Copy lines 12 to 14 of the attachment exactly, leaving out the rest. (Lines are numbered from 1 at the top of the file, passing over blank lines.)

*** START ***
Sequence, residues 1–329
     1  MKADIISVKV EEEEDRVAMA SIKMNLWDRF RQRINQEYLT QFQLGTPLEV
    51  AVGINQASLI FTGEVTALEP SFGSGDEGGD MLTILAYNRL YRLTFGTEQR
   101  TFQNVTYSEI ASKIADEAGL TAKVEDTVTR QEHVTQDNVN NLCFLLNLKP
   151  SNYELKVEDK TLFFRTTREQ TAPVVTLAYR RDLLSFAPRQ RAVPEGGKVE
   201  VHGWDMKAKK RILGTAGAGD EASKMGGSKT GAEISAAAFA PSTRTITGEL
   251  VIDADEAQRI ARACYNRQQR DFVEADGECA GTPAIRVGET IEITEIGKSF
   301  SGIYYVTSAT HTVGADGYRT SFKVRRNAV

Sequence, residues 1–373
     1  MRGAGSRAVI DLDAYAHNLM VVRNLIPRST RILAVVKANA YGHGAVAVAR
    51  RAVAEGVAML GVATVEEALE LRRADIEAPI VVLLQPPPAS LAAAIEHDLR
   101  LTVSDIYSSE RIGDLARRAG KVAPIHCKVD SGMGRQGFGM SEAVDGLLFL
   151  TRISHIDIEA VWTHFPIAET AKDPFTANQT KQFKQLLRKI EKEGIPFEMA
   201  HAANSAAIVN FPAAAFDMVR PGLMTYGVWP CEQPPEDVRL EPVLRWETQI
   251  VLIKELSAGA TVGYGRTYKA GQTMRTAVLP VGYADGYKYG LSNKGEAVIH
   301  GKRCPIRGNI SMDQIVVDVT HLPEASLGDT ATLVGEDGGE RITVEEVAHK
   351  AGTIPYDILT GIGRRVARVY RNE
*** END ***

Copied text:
   101  LTVSDIYSSE RIGDLARRAG KVAPIHCKVD SGMGRQGFGM SEAVDGLLFL
   151  TRISHIDIEA VWTHFPIAET AKDPFTANQT KQFKQLLRKI EKEGIPFEMA
   201  HAANSAAIVN FPAAAFDMVR PGLMTYGVWP CEQPPEDVRL EPVLRWETQI